Stating that Robert returned to Vassar is perhaps misleading, as emotionally, Robert never left his hometown. Even during his early years as an MSU student, and as often as every two-weeks, it was common to see him appear on his parents’ doorsteps for a long weekend with Vassar family and friends. Robert was still living full-time in Vassar during the disastrous flood of 1986 following which he responded quickly by organizing volunteers and setting up the Vassar Flood Relief warehouse. Around that time Robert was appointed Vassar City Band Commissioner, and with the capable help of other engaged citizens, resurrected the Vassar City Band that had fallen dormant for years. To facilitate this, Robert quietly organized a party of local youths to help him restore the Hillside Park band shell. Around that time, he also joined the Frankentrost Band, and continued relationships with both bands until his health could no longer sustain his involvement.
In 1988, Robert was invited to become a cartographer at the United Nations headquarters in New York City and worked there until mandatory retirement in 2010. Robert managed his UN schedule so that he could enjoy long weekends in Vassar every two weeks or so, ensuring that he was in town for Vassar City Band concerts, important Frankentrost Band gigs and lawn mowing at his family home. During many of his UN years, Robert sponsored the Robert McKay Yankees Little League Baseball team in Vassar.
Robert was a highly productive map maker at the UN and was selected to participate in numerous international missions. Among the more notable, Robert was one of 19 members in the first delegation of ‘Westerners’ to enter Cambodia as the Cambodian civil war was ending. Gunfire was ongoing during the several week visit, and Robert rode on elephants in the line of duty to cross the land-mine-laced “killing fields” of Cambodia. Most people will not have heard Robert speak of the experience, as he found it so horrific. He attributes the observed horrors to an abrupt change in his hair color from red to white. On other international missions, Robert enjoyed styling himself as “an old Africa hand” by virtue of his many trips to many nations in the continent. He distinguished himself for his work on the Cameroon/Nigeria Boundary Commission. Among other duties and responsibilities, Robert literally oversaw the placement of boundary monuments in actively contentious and desolate areas between the two countries. Likewise, the need for accurate mapping took him to the Balkans amid active fighting during the Bosnian war during the breakup of Czechoslovakia. Perhaps his favorite and safest foreign mission was a mapping assignment near the Sea of Galilee, when Robert was given the opportunity to drive a UN armored personnel carrier over stone roads in Syria built by the Romans two thousand years earlier.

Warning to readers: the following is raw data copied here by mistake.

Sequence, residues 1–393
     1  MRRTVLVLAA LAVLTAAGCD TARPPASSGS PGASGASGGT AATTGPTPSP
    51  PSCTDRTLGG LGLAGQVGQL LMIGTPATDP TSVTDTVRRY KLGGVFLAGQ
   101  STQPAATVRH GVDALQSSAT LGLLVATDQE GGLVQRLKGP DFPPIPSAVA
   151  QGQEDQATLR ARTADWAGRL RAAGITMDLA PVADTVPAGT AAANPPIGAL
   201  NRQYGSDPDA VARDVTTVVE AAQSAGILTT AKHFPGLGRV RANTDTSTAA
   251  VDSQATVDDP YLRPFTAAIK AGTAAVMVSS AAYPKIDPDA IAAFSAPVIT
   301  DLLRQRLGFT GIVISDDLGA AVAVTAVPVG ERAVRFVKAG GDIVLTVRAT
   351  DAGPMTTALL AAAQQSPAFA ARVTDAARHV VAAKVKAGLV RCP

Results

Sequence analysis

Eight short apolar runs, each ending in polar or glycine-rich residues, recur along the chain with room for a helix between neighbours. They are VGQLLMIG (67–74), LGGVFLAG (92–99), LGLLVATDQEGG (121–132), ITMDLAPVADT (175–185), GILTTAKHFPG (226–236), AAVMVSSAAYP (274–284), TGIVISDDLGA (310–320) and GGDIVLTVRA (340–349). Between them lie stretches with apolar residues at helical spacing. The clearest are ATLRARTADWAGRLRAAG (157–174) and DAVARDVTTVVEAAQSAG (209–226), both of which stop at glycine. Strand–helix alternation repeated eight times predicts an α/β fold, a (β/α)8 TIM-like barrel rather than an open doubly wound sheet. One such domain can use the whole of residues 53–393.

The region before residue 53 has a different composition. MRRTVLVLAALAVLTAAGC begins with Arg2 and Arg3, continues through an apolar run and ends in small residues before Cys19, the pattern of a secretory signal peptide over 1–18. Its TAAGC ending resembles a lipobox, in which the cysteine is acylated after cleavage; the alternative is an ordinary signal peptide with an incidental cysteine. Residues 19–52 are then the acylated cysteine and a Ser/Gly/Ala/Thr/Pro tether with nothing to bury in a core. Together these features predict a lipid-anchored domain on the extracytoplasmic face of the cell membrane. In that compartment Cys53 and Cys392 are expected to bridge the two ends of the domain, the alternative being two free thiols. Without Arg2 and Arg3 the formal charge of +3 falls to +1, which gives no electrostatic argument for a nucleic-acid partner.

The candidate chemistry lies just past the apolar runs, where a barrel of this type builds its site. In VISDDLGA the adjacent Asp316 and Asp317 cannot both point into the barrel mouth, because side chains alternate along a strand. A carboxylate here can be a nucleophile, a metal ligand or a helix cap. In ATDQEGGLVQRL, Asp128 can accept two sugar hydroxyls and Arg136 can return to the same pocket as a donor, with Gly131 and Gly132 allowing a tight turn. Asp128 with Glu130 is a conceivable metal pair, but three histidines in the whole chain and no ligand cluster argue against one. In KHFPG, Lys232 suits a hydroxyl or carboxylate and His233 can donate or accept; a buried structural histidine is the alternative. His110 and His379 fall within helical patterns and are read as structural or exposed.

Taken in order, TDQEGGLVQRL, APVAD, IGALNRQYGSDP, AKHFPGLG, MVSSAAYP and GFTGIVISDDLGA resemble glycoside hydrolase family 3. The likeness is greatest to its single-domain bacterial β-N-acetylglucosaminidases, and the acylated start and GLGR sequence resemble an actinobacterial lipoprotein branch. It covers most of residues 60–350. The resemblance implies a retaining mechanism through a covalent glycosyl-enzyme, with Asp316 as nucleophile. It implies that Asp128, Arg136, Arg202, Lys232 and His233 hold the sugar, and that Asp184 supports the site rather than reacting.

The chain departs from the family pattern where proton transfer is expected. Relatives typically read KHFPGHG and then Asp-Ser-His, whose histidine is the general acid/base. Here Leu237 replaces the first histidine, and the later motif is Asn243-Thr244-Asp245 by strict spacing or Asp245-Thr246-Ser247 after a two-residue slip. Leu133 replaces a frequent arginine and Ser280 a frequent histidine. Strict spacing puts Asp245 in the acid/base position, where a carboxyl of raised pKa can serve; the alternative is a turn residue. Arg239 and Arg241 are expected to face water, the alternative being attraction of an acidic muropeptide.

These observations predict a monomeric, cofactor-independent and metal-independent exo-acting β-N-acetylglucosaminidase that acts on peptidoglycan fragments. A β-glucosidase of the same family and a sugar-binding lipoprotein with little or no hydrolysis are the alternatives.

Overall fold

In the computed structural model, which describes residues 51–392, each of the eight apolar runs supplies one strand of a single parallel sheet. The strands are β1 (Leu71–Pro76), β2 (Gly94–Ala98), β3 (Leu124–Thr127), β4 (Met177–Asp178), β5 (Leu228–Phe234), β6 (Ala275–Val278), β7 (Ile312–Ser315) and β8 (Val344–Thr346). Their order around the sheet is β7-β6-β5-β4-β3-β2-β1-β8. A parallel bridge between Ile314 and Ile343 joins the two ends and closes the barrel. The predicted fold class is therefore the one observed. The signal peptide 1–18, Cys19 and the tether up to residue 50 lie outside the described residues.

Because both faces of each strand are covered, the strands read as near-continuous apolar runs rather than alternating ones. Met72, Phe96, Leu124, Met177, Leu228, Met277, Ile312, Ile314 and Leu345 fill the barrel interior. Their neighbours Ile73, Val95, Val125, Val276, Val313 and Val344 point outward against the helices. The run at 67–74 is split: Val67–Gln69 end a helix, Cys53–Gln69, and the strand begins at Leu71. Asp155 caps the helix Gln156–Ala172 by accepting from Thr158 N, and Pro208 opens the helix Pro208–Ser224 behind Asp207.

Once fully retired from the UN, Robert immersed himself in activities to improve parks and recreational facilities in Vassar and throughout Tuscola County. Long before his involvement in parks and recreation was official, Robert quietly went about making small improvements such as anonymously replacing basketball nets at Gus Harper Park in Vassar. He dreamed of seeing Vassar become a destination for bicyclists and the mighty Cass River become a destination for canoeists and kayakers.
A funeral service is scheduled for 2:00 p.m., Friday, October 6th at the First Presbyterian Church (250 W. Huron Avenue) in Vassar, MI. Robert’s family will welcome visitors on Thursday, October 5th at the Hanlin Funeral Home in Vassar any time from 3:00 p.m. through 7:00 p.m. Disposition of Robert’s body will be by cremation at a later date. Those desiring to honor Robert’s memory are encouraged to plant trees in his memory or lobby the City of Vassar, Tuscola Township, Tuscola County and State officials to develop and support recreational resources along the ‘mighty Cass’.
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Robert and his family are in the care of Hanlin Funeral Homes - Vassar. 1148 W. Saginaw Rd., Vassar, MI 48768. Phone (989) 823-8621.